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Effect of caudal dexmedetomidine versus ketamine in prevention of emergence delirium in pediatric patients undergoing congenital inguinal hernia repair under sevoflurane anesthesia

Abstract

Study objective

The aim of this study was to compare the effect of dexmedetomidine versus ketamine when added to caudal bupivacaine on the incidence of emergence delerium (ED), postoperative sedation, and analgesia in pediatric patients undergoing inguinal hernia repair under sevoflurane anesthesia.

Methods

Eighty seven pediatric patients who underwent elective inguinal hernia repair under sevoflurane anesthesia were randomly distributed into one of three equal groups. Group B (bupivacaine, n = 29), group BK (bupivacaine ketamine, n = 29), and group BD (bupivacaine dexmedetomidine, n = 29). Patients of group B received caudal injectate of 1 ml/kg bupivacaine 0.25%, while group BK patients received caudal injectate of 1 ml/kg bupivacaine 0.25% mixed with ketamine 0.5 mg/kg, and group BD patients received caudal injectate of 1 ml/kg bupivacaine 0.25% mixed with dexmedetomidine 1 μg/kg. Primary outcome measure was the assessment of the incidence of postoperative ED. Secondary outcomes included the postoperative sedation scores and postoperative Face, Legs, Activity, Cry, and Consolability (FLACC) pain scores, time to 1st postoperative analgesic, and total postoperative analgesic consumption. Also, the incidence of perioperative complications were assessed.

Results

The incidence of ED was significantly lower in group BD and BK compared with group B (P < 0.05) with no significant difference between group BD and BK (P > 0.05). Postoperative sedation scores were significantly higher in group BK and BD compared with group B (P < 0.05) at the 1st 30 min and 1st 2 h postoperative respectively; they were also significantly higher in group BD compared with group BK at (10 min–2 h) postoperative (P < 0.05). The duration of analgesia was significantly longer, and the total postoperative paracetamol consumption was significantly lower in group BD and BK compared with group B (P < 0.05); they were also significantly lower in group BD compared with group BK (P < 0.05). There was no intergroup significant difference as regards the incidence of perioperative complications.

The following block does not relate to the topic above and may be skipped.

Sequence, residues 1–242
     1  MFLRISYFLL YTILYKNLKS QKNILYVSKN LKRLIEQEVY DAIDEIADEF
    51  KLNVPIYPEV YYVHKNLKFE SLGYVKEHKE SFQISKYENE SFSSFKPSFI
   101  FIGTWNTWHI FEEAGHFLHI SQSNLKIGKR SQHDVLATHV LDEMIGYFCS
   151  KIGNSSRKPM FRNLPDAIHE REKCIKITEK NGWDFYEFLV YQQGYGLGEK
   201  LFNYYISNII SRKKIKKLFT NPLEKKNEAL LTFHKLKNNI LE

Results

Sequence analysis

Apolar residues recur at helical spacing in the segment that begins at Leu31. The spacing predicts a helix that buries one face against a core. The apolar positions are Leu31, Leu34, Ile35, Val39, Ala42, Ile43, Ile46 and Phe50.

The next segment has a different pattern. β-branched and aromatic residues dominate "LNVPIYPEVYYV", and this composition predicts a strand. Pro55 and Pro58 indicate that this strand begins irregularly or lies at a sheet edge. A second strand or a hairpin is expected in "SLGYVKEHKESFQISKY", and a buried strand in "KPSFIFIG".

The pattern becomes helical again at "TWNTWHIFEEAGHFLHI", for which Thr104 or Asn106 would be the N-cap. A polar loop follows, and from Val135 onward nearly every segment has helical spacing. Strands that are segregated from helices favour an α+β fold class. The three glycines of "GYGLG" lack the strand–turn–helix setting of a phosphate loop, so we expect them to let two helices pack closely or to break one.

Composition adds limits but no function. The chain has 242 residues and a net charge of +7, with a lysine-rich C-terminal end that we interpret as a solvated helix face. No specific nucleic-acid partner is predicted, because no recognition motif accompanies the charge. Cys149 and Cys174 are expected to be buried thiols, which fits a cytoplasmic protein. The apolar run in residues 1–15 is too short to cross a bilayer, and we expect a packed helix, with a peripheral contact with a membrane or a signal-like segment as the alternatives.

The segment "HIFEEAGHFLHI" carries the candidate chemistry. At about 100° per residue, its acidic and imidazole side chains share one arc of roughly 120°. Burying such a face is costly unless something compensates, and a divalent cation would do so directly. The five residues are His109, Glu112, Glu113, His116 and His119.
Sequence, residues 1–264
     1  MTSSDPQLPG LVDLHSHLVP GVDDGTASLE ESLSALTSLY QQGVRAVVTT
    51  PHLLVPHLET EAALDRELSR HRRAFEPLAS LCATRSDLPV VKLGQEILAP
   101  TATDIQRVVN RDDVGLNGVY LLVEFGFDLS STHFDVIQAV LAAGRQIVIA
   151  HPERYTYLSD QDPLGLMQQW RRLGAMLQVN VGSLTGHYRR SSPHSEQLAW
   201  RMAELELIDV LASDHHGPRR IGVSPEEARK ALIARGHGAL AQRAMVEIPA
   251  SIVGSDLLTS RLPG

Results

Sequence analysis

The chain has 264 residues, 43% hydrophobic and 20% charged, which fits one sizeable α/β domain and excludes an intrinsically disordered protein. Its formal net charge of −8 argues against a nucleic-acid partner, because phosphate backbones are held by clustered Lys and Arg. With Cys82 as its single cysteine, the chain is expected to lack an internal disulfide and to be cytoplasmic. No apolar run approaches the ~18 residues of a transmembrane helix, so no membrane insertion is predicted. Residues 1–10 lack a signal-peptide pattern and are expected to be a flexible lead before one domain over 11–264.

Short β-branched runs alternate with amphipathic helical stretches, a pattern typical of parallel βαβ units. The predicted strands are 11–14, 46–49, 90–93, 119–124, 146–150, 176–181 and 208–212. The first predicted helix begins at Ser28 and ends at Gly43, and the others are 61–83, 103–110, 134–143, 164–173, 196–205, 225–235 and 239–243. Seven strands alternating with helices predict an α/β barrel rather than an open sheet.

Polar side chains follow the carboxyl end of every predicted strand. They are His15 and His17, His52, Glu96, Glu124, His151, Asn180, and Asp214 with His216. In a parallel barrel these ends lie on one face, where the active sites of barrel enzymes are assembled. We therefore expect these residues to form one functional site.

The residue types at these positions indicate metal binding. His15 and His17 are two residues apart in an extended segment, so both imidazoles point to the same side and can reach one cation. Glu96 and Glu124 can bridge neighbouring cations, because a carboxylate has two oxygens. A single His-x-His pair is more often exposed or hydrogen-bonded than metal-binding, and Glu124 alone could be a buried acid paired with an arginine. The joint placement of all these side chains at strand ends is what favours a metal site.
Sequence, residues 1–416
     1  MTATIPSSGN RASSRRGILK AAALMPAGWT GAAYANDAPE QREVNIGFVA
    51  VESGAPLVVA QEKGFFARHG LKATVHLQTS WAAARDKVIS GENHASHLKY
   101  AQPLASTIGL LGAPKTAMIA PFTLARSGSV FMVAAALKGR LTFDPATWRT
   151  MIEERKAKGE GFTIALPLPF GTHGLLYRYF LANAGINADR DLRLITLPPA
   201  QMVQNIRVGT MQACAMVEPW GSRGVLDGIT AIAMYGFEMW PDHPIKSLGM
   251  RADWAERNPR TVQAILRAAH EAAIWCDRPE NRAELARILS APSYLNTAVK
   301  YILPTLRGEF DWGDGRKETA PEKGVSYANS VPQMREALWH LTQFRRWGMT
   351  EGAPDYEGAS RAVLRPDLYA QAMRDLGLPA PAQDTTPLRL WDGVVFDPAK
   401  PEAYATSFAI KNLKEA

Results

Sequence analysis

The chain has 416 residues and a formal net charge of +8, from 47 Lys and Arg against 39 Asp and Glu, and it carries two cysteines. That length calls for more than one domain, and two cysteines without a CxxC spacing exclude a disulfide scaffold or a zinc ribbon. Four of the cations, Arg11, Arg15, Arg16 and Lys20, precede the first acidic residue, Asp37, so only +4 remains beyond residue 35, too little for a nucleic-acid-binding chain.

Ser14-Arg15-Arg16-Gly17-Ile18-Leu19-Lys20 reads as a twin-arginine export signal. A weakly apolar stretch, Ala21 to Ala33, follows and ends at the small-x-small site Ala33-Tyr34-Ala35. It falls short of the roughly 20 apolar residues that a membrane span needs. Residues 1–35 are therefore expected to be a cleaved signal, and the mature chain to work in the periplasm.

Conclusions

Both dexmedetomidine (1 μg/kg) and ketamine (0.5 mg/kg) added to pediatric caudal block were effective to control pediatric ED after sevoflurane anesthesia. Patients received caudal dexmedetomidine had longer time to 1st postoperative analgesia and less postoperative analgesic consumption but longer postoperative sedation when compared with ketamine with no significant difference between both drugs as regards the incidence of perioperative adverse events.

Background

Emergence delerium (ED) is still remaining as a major problem during the early stage of recovery from general anesthesia in children. It is characterized by psychomotor agitation and perceptual disturbances (e.g., hallucinations, agitation, and confusion), which are often expressed as inconsolable crying, moaning, restlessness, and thrashing in bed (Moore & Anghelescu, 2017). The exact etiology of ED is still unidentified but several risk factors that have been noted to increase the predilection for emergence agitation such as preschool age, preoperative anxiety, certain surgical procedures like otolaryngologic or ophthalmologic surgeries, anesthesia technique (inhalational vs. intravenous agent or regional block), and postoperative pain (Kanaya, 2016).